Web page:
“Arch II, Set II” by Elizabeth Strong-Cuevas. Photo by Zach Teris for www.dmphotgrapher.com.
“Arch II, Set II” by Elizabeth Strong-Cuevas. Photo by Zach Teris for www.dmphotgrapher.com.

And fooled you’ll be. Your first reaction when coming across a couple deep in conversation or a young girl reading a book in the grass may be, “Oh, excuse me!” even as the realization dawns that you’re talking to a sculpture. Pieces from Johnson’s Celebrating the Familiar series regularly evoke that response, as do works from his Impressionist-inspired series Beyond the Frame, which consists of elaborate tableaux that allow viewers to walk into the scenes of familiar Impressionist and Post-Impressionist paintings. 

“Garden State” by Isaac Witkin, 1997. ©Estate of Isaac Witkin. Photo by Zach Teris for www.dmphotgrapher.com.
“Garden State”
by Isaac Witkin, 1997.
©Estate of Isaac Witkin. Photo by Zach Teris for www.dmphotgrapher.com.

A delightful aspect of Grounds For Sculpture is that you’re permitted to touch and interact with most of the outdoor sculptures. Take Johnson’s “Were You Invited?” inspired by Pierre-Auguste Renoir’s 19th-century masterpiece, “The Luncheon of the Boating Party.” Viewers can actually join the action and mingle with the diners, fulfilling Johnson’s goal to create an intimacy with the painting that the painting itself doesn’t allow. 

One of the four figures seated at a nearby table represents Johnson himself. And an art gallery director is portrayed as a bouncer demanding, “Were you invited?” 

Grounds For Sculpture’s indoor galleries host changing exhibits. “Masayuki Koorida: Sculpture” is now on view in the Museum Building. A short video, Power of Stone, explains Koorida’s interest in mathematics, geometry and natural processes. His sculptures can take up to two years to create. The show includes large-scale works in granite and marble, in addition to small playful works in stainless steel and acrylic.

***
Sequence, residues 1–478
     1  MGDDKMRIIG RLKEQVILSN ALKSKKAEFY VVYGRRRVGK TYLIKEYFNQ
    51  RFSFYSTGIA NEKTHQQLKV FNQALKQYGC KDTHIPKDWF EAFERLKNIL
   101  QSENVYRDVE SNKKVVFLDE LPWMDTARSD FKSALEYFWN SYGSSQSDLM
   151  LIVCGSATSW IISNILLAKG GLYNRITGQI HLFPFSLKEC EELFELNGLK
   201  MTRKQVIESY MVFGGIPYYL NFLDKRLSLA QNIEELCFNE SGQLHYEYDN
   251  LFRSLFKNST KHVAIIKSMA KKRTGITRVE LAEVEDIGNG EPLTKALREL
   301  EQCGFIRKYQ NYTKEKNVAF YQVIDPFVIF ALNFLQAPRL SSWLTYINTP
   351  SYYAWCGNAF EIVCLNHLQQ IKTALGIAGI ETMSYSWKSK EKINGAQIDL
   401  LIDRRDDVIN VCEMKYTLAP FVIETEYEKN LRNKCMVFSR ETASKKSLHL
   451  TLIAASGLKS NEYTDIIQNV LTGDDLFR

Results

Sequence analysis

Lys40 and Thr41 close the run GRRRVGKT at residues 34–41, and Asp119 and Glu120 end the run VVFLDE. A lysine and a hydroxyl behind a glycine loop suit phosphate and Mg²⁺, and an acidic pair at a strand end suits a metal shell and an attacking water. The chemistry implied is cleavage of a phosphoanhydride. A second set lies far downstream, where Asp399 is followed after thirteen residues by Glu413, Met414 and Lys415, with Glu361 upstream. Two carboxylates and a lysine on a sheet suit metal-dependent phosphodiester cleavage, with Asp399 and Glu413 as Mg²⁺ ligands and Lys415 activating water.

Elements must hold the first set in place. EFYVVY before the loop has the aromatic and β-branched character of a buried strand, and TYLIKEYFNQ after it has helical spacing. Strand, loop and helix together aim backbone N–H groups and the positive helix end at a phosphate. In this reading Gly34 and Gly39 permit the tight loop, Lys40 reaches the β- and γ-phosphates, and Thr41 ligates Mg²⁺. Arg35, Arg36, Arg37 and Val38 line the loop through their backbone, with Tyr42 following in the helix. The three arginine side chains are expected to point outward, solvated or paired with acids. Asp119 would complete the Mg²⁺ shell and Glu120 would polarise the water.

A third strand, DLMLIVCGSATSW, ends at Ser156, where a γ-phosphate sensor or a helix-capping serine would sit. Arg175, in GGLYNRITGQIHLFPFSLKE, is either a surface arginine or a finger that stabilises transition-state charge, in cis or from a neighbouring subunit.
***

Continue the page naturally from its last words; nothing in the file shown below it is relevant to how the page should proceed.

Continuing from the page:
Other current exhibits are “Michael Rees: Synthetic Cells,” which combines augmented reality and inflatable vinyl sculptures; “James Carl: oof,” a monumental wall relief inspired by the egg carton; and “James Carl: woof,” which should win an award for the most creative use of venetian blinds. 

First-time visitors may find the sheer number of sculptures overwhelming. Signage at each piece presents only the title, artist and medium, and because rambling is encouraged it’s easy to forget where you saw what. If you want to know more about a particular piece, make a note of the number, take a picture, and look it up on the website later. Better yet, return to Grounds For Sculpture for a free docent-led tour to learn more. It’s a gem that deserves revisiting. o 

Grounds For Sculpture, 80 Sculptors Way, Hamilton Township, N.J., (609) 586-0616, www.groundsforsculpture.org. Free one-hour outdoor tours, one-hour indoor tours, and 75-minute HortiSculpture tours available on a walk-in basis; call day of arrival to check availability. 

The Hunt Winter 2019  Issue

This article was published in Traveler from the Winter 2019 issue.